Over training vs under training – who is the biggest villain? 

Both under training and over training pose risks to our tissues. It seems very reasonable that if we go from doing next to nothing, to doing a lot, we’ll run in to trouble. The other common scenarios that we see in the clinic are people who’ve taken a week off (over Christmas perhaps) and then try to make up for it (in the new year potentially) by completing an extra long run or adding in a run where there wasn’t anything planned.

We know that consistency is the key to training – so how do we overcome these hurdles such as the scenarios above? The key word is modification.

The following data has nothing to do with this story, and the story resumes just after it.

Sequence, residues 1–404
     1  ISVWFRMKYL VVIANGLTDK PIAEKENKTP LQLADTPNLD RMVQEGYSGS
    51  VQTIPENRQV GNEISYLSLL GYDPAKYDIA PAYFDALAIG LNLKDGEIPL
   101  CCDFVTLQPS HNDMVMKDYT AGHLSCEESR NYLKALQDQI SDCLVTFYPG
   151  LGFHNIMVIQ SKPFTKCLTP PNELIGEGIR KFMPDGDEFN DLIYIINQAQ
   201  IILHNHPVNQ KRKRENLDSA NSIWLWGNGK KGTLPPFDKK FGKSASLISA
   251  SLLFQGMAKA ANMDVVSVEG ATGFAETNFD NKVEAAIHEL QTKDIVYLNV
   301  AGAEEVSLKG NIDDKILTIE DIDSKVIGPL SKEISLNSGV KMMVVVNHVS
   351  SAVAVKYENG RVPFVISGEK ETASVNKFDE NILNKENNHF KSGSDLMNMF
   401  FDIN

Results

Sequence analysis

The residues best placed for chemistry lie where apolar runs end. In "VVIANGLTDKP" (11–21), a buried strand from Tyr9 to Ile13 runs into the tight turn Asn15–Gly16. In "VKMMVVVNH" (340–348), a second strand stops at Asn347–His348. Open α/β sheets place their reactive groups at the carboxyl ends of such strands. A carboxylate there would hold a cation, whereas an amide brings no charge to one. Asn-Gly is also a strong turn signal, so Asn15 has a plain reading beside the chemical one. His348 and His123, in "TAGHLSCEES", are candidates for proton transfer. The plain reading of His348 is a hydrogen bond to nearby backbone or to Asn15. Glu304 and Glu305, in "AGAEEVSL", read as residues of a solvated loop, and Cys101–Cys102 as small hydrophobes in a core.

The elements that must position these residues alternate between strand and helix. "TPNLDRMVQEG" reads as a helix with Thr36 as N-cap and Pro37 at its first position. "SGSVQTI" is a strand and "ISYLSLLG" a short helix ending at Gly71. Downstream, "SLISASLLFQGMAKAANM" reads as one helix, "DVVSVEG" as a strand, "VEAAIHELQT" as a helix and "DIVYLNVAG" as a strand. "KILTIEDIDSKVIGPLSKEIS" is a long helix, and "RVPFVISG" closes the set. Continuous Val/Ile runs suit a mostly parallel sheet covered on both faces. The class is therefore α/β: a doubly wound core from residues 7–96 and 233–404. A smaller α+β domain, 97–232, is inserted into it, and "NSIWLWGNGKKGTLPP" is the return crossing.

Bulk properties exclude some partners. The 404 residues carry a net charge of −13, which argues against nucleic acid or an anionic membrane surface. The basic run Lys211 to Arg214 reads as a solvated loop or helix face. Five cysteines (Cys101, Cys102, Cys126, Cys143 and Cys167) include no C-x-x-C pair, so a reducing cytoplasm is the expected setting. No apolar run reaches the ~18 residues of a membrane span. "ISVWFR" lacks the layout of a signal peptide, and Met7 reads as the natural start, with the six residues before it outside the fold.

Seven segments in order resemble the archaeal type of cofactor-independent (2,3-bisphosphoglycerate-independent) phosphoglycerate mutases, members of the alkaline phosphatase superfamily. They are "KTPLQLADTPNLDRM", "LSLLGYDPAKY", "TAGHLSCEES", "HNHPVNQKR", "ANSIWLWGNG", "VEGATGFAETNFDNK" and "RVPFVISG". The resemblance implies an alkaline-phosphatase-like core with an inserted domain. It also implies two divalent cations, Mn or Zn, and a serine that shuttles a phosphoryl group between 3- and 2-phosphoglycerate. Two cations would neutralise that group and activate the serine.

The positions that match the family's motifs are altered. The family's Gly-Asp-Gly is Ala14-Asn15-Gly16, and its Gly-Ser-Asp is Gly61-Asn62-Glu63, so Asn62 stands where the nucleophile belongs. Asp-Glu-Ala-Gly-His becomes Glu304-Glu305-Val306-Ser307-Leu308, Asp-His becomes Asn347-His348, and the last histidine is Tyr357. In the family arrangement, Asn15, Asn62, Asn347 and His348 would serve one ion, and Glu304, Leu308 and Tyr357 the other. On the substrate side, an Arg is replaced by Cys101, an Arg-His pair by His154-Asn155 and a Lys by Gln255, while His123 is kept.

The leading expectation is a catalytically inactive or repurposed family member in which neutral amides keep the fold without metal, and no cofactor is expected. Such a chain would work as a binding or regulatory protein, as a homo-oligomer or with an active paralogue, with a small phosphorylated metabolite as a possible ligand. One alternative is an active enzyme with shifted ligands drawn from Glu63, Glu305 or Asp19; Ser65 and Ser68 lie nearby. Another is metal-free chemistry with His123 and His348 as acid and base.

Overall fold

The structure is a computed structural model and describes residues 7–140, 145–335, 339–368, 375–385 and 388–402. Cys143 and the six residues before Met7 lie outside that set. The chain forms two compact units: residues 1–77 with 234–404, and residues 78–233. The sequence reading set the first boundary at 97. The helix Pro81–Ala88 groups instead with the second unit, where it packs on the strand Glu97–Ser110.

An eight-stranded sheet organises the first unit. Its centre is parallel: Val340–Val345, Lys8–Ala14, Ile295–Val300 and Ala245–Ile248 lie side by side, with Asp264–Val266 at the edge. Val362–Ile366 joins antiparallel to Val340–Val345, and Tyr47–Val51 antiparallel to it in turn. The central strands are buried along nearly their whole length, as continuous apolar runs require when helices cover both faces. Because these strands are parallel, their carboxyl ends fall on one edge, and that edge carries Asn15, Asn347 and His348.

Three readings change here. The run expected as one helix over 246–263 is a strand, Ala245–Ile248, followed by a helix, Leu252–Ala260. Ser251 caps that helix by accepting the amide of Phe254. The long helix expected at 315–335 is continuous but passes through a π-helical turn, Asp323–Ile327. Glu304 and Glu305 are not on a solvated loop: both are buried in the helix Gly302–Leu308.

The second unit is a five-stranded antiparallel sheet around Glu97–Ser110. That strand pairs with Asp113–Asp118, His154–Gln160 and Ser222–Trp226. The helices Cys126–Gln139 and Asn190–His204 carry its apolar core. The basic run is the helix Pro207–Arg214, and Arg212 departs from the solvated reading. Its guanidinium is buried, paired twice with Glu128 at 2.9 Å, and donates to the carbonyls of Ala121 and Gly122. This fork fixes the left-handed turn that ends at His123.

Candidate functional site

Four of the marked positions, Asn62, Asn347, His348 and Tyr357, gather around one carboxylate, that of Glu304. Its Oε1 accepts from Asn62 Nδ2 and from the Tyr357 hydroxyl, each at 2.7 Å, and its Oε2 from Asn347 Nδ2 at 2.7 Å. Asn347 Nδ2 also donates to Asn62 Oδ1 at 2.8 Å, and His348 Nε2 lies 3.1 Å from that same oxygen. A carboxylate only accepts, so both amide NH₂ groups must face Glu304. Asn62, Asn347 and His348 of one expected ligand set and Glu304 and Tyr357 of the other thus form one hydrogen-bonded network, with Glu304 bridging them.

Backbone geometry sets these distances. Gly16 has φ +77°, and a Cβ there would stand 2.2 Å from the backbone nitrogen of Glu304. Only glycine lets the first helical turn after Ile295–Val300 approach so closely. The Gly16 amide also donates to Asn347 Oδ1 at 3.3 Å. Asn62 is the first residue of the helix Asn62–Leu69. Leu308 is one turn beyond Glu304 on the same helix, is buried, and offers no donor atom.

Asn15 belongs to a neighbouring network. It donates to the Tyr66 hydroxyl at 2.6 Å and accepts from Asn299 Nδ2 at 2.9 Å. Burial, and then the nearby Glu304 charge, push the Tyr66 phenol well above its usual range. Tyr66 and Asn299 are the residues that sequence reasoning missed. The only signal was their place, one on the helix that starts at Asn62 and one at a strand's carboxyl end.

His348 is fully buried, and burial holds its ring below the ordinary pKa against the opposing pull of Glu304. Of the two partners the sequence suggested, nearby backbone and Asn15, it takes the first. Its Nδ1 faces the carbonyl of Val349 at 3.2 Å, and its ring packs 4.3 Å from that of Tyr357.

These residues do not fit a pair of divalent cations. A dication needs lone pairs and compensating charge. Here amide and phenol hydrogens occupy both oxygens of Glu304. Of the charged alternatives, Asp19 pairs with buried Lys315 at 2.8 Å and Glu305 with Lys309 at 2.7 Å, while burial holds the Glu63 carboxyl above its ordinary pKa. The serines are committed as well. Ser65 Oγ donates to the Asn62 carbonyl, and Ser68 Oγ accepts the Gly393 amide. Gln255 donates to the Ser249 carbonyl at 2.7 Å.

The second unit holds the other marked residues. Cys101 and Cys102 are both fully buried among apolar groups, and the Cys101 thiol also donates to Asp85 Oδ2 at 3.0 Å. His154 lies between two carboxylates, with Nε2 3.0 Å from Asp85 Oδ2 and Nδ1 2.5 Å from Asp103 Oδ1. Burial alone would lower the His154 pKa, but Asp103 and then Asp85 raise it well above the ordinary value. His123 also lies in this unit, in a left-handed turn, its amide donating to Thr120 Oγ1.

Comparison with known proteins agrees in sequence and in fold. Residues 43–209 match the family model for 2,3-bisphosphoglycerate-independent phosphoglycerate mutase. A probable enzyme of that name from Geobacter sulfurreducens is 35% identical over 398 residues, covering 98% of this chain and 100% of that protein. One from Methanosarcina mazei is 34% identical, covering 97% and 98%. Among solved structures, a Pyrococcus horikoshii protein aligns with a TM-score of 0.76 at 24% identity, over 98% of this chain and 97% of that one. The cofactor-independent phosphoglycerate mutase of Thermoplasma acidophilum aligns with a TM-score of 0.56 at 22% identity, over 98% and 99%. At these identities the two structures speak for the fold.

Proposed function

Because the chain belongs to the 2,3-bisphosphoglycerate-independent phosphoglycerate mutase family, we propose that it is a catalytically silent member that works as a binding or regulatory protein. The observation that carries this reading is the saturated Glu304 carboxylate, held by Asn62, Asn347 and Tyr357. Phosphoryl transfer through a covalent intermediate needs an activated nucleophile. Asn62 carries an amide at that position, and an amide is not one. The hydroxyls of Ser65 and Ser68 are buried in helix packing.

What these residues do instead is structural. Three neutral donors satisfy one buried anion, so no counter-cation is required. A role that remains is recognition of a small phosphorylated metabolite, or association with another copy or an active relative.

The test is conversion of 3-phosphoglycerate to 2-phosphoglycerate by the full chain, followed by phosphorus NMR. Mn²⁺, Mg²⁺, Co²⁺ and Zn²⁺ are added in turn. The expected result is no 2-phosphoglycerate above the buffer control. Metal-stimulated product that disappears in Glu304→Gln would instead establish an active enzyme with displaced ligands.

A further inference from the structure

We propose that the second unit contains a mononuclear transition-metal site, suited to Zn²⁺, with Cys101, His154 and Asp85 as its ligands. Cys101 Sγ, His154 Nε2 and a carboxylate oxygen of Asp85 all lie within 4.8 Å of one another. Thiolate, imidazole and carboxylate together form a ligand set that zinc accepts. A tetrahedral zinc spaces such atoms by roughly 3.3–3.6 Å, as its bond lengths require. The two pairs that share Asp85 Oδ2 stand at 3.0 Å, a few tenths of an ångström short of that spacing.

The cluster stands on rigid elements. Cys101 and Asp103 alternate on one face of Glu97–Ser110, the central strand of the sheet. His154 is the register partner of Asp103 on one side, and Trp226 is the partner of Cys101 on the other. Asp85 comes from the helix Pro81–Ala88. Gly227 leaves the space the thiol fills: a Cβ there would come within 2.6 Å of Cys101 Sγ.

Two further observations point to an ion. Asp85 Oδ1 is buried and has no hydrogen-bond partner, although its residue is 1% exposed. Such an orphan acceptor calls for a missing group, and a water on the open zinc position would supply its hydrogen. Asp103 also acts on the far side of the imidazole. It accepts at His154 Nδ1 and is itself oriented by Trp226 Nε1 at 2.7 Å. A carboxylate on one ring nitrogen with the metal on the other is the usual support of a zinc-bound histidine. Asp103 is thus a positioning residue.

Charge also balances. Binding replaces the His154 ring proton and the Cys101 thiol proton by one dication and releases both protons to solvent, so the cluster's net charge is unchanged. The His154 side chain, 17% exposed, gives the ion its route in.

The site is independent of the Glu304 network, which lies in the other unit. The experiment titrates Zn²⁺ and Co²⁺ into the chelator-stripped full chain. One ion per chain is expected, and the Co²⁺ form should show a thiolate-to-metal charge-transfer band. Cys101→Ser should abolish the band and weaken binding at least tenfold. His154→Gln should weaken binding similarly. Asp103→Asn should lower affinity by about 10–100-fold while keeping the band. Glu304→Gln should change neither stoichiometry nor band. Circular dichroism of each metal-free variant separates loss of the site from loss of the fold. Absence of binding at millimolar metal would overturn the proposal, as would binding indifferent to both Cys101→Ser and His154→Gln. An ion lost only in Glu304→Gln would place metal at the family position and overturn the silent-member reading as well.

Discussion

Here is an ideal, 12-week build in to an 8km goal.

If we use the idea of acute:chronic workload ratio to inform us about tissue loading and potential tissue tolerance, we can see that both under training and then the subsequent over training poses risks.

Both scenarios put us in to the red zone, however the bottom data shows the greatest spike in the make-up week.

If we end up having a slip up in our training, all is not lost! As mentioned above it might be that we have to modify our loads for a couple of weeks to account for the changes. By applying the modification to  the weeks following our under training, we are able to stay out of the “red-zone” and hopefully avoid injury.

By adding in the modifications we are still able to get a good deal of training in safely.

If you have any questions,

don’t hesitate to get in contact with one of the practitioners at the clinic!

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